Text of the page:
New Brunswick, NJ: Rutgers’ Own Food Truck Hits the Streets

Credit Nick Romanenko

By Andrea Alexander |

Credit Nick Romanenko

The food truck craze that fast became the hippest way to grab a gourmet meal or artisanal snack on city streets has found its way to Rutgers.

In February, university dining services unveiled its own food truck, the Knight Wagon, with a menu that is more gastropub than greasy spoon. Students will be able to grab a “twisted gyro burger’’ (ground lamb stuffed with baby spinach and feta on a toasted brioche roll), or a tandoori chicken and grilled shrimp shish kebab wrap, on their way to class.

Rutgers decided to invest in a food truck last summer after hearing how much success the University of Massachusetts had with theirs, said Nicholas Emanuel, assistant director of Rutgers Dining Services.

“This is creative and something different,’’ Emanuel said. “Students can go to the Douglass Café for a hamburger or they can go to the food truck and get a twisted gyro burger. There is nowhere else on campus students can get a sandwich like that.’’

Gourmet food trucks, which offer anything from cupcakes and homemade ice cream to Asian fusion tacos, have exploded in popularity since Kogi Korean BBQ rolled out its trucks on the streets of Los Angeles in 2008.

In the last few years the trend has spilled over onto college campuses, and the growth has happened so fast it’s been hard to track, said Rachel Warner, spokeswoman for the National Association of College and University Food Services.

“The food truck trend at colleges and universities has followed the food truck trend nationwide,’’ Warner said. “It’s taken off so quickly, and colleges are clamoring to jump into it because it’s a nice convenient way for them to serve students on campus.’’

Although exact figures aren’t available, Warner estimates that about 100 food trucks operate on college campuses and the number is growing quickly. More than a dozen opened since the fall.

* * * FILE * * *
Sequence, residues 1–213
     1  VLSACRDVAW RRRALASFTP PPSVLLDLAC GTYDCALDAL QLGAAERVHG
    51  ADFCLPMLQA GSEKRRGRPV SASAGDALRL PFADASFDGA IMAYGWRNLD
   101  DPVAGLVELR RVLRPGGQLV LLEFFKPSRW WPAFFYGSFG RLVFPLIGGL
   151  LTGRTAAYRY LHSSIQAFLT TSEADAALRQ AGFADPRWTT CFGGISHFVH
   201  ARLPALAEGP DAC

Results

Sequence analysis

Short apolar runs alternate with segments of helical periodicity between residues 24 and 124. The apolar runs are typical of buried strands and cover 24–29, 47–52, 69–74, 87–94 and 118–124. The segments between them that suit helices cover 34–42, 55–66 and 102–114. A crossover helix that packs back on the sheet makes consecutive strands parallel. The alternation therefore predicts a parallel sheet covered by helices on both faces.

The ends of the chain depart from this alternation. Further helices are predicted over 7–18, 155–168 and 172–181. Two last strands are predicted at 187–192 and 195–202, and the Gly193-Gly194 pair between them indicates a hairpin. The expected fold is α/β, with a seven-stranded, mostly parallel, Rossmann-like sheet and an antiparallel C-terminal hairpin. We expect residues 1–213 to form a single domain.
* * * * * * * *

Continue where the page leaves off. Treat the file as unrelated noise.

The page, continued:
The 20-foot long scarlet red truck that will make its debut on Wednesday is equipped with a 50-inch screen, a satellite TV and a sound system and is decked out with neon lights. Emanuel said the goal was to create a fun and convenient experience for students.

“I want students to go to the truck and see that it has that wow factor, big shiny rims and the whole thing,’’ he said.

Even with the glitz, the truck cost less than $200,000 and is the fraction of the price of opening a new dining hall, which runs in the tens of millions of dollars, while expanding options to students. The Knight Wagon will accept cash, credit cards and student meal card swipes for the menu items that will range from $3.75 to $6.50.

Students will be able to follow the Rutgers food truck on Facebook and Twitter to track its location daily.  The truck will park at assigned locations on all campuses in New Brunswick and Piscataway, off of city streets. Students will be able to stop by the food truck for lunch and dinner at the bus stop off Allison Road on Busch Campus, at the corner of Dudley and Biel roads on Cook, near the student center on College Avenue, across from the Douglass Campus Center and on the Livingston Campus.

The Knight Wagon will be staffed by three cooks and serve an eclectic menu that is more street fare than the food students find in the dining halls. Need a filling meal on the go? Grab the “King’s dinner” (a smoked turkey leg) or the “the bent Excalibur,’’ marinated sirloin grilled to perfection. The food truck will also serve soup, deli sandwiches and chili in a bread bowl.

Emanuel said the Knight Wagon is different from the grease trucks on College Avenue, which are independently owned and operated and do not travel.

“We will serve hot, fresh meals that students can carry and go,’’ Emanuel said. “A lot of students want to get in and get out when they grab food, and I think they are going to enjoy this.’’